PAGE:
Letter from the Editor: Vacations and Fun, by Pranada Devi

Vacation can be a way for us to press the reset button on our harried lives. It can be an opportunity to step back from our day-to-day habits and gain some perspective that then helps us make changes when we return to the world. The root of the word vacation is the same as that of the verb “vacate”, to move out of something and make it empty. When we vacate, even for a short period, the place we had been occupying in the world, we can decide to re-occupy it differently, or to find a different space entirely to spend our daily time.

Years ago when I worked in a callcenter between university degrees, I recall that one co-worker of mine quit her job the day she came back to work from vacation. Time away from the grind of the job helped her realize immediately when she came back how unhappy she was there, and that it was time to move on.

I am not suggesting that everyone feeling wistful about returning from a beach in Maui to a cubicle in a downtown high-rise should quit their jobs when they come back from vacation! It is important to witness the arising of likes and dislikes, and practice discernment before deciding to leave (or stay in) a given job. But a vacation may give us much-needed perspective on what our real needs are and remind us, when we go back to the regular world, that we cannot put those needs on hold.

Whether we are at work or at home, on vacation in an all-expenses-paid tropical resort or undertaking a gruelling long-distance hike with skimpy resources of money, food and water, we need to retain a sense of fun. The best way to do this is actually to go beyond our likes and dislikes and find a sense of rooted, vital expansion. When we stop resisting the moment, even paying the bills or scrubbing the toilet can be fun, to say nothing of our yoga practice, workout or time spent playing with friends and family.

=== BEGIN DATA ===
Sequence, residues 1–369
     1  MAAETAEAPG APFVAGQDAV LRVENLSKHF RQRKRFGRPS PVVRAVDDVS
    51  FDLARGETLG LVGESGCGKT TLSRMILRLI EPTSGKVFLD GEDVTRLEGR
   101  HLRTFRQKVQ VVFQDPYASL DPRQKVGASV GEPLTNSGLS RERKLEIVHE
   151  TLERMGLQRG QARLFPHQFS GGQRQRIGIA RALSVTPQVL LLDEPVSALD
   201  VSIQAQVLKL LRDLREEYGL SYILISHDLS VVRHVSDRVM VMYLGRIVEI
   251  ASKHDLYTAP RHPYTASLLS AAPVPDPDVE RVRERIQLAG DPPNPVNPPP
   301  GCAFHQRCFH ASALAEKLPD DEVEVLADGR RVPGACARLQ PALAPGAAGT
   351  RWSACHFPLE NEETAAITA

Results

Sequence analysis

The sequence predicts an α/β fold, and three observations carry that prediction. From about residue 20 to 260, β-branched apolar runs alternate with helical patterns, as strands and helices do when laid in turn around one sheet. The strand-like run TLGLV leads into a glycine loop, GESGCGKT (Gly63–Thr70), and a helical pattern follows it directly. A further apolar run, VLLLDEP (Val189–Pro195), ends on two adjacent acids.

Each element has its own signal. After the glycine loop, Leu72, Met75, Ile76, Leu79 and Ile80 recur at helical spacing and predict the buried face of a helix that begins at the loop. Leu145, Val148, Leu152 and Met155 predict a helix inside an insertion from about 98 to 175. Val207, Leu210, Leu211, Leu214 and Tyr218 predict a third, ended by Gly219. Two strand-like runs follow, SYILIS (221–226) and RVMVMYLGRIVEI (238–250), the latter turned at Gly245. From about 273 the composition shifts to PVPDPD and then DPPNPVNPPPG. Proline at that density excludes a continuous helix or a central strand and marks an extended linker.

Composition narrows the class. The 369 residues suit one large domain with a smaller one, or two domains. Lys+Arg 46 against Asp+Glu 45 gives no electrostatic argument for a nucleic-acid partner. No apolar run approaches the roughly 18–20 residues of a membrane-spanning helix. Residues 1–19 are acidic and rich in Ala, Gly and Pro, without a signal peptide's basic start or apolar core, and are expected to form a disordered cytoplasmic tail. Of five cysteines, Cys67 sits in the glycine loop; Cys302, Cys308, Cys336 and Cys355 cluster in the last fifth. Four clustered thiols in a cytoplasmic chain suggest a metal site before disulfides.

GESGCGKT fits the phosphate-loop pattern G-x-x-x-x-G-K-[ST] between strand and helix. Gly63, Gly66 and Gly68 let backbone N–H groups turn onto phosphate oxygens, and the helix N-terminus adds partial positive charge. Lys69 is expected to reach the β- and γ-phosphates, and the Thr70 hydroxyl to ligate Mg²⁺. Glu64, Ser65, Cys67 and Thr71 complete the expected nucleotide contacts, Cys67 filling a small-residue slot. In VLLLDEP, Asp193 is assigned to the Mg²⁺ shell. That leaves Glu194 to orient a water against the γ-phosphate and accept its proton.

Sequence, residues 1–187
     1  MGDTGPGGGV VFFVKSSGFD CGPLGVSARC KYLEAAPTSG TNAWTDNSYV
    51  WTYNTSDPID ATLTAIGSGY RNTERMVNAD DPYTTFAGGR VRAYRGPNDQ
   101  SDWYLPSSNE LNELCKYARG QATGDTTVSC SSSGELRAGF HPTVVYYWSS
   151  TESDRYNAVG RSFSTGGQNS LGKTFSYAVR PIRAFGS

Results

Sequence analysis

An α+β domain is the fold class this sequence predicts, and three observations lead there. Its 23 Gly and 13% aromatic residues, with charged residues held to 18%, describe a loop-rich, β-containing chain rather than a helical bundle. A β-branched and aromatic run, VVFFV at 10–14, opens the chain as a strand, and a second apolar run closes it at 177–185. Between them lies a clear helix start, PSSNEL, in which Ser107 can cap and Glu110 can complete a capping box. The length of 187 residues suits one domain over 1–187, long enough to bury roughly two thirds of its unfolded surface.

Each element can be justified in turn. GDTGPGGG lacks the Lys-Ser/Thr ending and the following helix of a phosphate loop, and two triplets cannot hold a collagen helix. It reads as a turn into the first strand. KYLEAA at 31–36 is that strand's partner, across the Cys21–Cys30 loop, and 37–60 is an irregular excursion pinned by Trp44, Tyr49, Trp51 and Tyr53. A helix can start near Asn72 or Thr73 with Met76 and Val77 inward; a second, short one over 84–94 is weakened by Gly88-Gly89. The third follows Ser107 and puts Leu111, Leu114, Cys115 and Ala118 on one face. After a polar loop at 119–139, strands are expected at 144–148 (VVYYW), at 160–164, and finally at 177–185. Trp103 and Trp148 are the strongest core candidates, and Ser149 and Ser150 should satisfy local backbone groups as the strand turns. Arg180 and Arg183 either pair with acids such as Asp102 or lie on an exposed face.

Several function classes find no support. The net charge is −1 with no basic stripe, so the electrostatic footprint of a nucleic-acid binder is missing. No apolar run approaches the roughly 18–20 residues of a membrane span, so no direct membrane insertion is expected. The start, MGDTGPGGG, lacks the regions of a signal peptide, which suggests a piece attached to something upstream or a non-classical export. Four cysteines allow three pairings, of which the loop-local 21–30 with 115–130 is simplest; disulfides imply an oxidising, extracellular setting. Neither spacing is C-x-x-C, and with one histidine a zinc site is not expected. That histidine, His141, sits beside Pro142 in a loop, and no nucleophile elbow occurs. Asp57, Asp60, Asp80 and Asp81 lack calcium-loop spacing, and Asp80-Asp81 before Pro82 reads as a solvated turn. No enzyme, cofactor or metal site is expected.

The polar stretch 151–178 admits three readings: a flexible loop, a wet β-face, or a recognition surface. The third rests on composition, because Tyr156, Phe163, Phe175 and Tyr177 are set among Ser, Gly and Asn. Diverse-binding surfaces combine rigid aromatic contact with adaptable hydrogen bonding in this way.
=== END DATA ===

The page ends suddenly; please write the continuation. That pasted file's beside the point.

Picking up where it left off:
Real fun is not disconnected denial that seems to throw caution to the wind, dancing about drunk on anything that takes us away from the present moment. Real fun is keenly aware of the moment as it is, and its delight stems from not denying or wishing away what is.

In this issue, we present articles to help you find a sense of fun wherever you are, as well as to stay on track with your health and well-being even as you break from your regular routine with a vacation. Enjoy!

 

Since everything is but an illusion,

Perfect in being what it is,

Having nothing to do with good or bad,

Acceptance or rejection,

One might as well burst out laughing!

– Longchenpa (1308-1364)

 

Parvati Devi is on tour and will return.

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Pranada Devi is a communications professional living in Toronto, Canada. She manages the Politics, Books and Activism sections for Parvati Magazine in addition to serving as Managing Editor for the magazine overall. She serves as an advisor on marketing communications for Parvati’s various projects.

2 Responses

  1. When I see references to “discernment” in this magazine or Parvati’s blog, I reach for the “je ne comprends pas” file. What exactly is discernment.

    • Keval, you may wish to refer to http://en.wikipedia.org/wiki/Discernment . I believe the way I use the word is in keeping with how it is generally defined. I see discernment as the practice of determining things like whether a given choice is wise, based on whether it is dharmic, feels rooted, vital and expansive, whether a given energy is supportive to our spiritual growth, or whether a person is all they are cracked up to be. – Pranada

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